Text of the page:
“Pull your socks up – To make an effort to improve your work or behaviour because it is not good enough.”
This idiom should be written in the sky, handed out on flyers and hired thugs should be sent to galleries across East London with gentle treats of kneecapping if their requests aren’t met. East London’s galleries have got comfortable in their ramshackled ways, where professionalism is far from key and striving to show something different too the gallery next door is a crazy coo coo idea: and with the recent departure of East London’s White Cube Gallery all looks grey and gloomy in our once comfortable bubble of creativity.
“But is there hope? Have we lost the heart beat?” I hear you cry, and I come bearing good news that It is not all doom and gloom and that their are galleries still displaying there ability to show that East London’s day is not done and dusted.
One fresh space leading the way is Kinman Gallery. Formally 81 Gallery, Kinman is based on Curtain road in the heart of Old Street and a blueprint of what a young gallery should be achieving in its early days. The gallery is only 4 shows old and on each step is upping its game, striving to not become another neglected and comatose East London gallery.
Kinmans current group, show entitled ‘Febreze’, is holding some strong cards regarding the artist on display. The opening night had tequila sunrises from a makeshift bar surrounded by novelty celebratory balloons courtesy of the artist Alistair Frost giving the feeling we where there for something special. It wasn’t till visiting the galley a few days later where the sunrise ingredients where still sprawled over the bar and the balloons where slowly losing there height and full glory that the work seems to speak a different story to the celebratory event of the private view, but now of these fleeting moments where reality hits and that maybe we where buying into, concisely or unconsciously, Frost’s humorous- faux- tacky- celebrity-esk gallery opening.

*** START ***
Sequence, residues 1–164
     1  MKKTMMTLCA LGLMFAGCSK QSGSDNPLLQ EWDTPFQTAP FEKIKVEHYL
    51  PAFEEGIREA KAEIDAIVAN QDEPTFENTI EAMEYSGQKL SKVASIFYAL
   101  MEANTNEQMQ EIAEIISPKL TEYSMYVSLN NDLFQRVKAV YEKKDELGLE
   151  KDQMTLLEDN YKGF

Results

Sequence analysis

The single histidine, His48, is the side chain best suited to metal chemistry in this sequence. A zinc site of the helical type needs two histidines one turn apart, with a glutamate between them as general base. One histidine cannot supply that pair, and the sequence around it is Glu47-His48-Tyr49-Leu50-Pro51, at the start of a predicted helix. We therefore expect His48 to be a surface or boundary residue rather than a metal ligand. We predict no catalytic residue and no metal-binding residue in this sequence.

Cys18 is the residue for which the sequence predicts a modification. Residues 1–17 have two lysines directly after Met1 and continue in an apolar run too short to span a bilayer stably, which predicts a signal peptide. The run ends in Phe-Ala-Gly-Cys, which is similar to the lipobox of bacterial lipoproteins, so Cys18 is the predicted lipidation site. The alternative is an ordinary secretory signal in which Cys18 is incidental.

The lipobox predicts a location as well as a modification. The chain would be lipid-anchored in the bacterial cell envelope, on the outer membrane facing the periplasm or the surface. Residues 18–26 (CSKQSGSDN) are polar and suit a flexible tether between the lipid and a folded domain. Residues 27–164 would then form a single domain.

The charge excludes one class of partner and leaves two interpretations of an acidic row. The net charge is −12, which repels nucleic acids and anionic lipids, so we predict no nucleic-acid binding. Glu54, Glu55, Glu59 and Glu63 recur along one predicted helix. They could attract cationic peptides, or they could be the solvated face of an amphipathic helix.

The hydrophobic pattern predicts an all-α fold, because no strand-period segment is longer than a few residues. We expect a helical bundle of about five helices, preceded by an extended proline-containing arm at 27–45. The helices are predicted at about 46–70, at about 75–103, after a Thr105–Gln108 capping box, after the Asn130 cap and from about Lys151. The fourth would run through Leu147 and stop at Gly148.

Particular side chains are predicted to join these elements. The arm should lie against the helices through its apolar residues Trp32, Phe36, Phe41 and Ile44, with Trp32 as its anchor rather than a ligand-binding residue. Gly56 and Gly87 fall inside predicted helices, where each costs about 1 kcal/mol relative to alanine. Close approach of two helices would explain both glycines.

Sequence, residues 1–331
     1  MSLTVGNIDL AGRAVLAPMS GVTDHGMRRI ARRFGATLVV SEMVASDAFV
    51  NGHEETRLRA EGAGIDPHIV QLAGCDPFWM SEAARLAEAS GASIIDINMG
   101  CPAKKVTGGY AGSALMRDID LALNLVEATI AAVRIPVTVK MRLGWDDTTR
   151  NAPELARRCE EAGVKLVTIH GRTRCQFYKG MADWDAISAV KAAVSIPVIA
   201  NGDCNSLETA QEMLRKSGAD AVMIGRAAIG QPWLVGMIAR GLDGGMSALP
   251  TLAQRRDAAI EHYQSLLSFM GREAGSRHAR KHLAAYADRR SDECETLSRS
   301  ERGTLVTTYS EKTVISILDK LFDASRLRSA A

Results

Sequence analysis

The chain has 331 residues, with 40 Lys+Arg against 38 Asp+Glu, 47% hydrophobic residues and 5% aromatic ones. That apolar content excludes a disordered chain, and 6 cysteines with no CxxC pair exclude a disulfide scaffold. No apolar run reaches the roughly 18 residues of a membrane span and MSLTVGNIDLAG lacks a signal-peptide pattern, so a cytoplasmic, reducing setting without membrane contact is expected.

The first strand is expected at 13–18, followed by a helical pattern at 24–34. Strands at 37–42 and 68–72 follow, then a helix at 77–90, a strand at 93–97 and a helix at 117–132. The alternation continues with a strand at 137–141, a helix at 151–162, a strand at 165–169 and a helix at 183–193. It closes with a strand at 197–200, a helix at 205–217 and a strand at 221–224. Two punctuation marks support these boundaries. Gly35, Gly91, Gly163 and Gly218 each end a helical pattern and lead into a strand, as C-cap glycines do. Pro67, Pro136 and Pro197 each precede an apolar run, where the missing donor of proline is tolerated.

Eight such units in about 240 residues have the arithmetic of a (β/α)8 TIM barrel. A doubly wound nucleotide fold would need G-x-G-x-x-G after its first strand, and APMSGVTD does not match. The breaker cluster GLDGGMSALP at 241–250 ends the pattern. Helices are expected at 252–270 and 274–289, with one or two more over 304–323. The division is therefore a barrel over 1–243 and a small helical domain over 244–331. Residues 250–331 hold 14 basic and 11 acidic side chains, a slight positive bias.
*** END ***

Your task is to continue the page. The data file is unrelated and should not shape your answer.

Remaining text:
Other artists on display consisted of Oliver Rafferty with his Blue-Tack paintings, ‘Untitled (Blue-Tack)’, which aims to ‘reinterpret and attempts to find grounding in an ‘increasingly ungraspable’ world. Playful and sarcastic, his painting and sculptures attempt to explore what quantifies as meaning via incursions into figuration’. And Steven Bishop and his box frame with an oversized image of an engine screwed up and forced to fit through twist and folds into its undersized parameters.
And Charlie Billingham with his gallery and curators friendly gift of giving life to the white cube and creating an automatic intriguing, engaging and calming environment. Mr. Billingham, with his use of mirror, tiles, loose paintbrush marks and towering common household plants in pastel painted pots creates these small installations that are packed full of layers both physically and mentally. Billingham’s work has an impressive ability to make you feel at complete ease with his use of colours and materials, whilst also challenging the viewer into understanding these creations and their place and meanings.
Anyone in the London area should really see ‘Febreze’, but more importantly I demand all of East London’s half arsed gallery owners to go, have a look and then go away and think about what you have done, or more what you haven’t done.
I say again “PULL YOUR SOCKS UP”.
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-Contributed by Robert Strang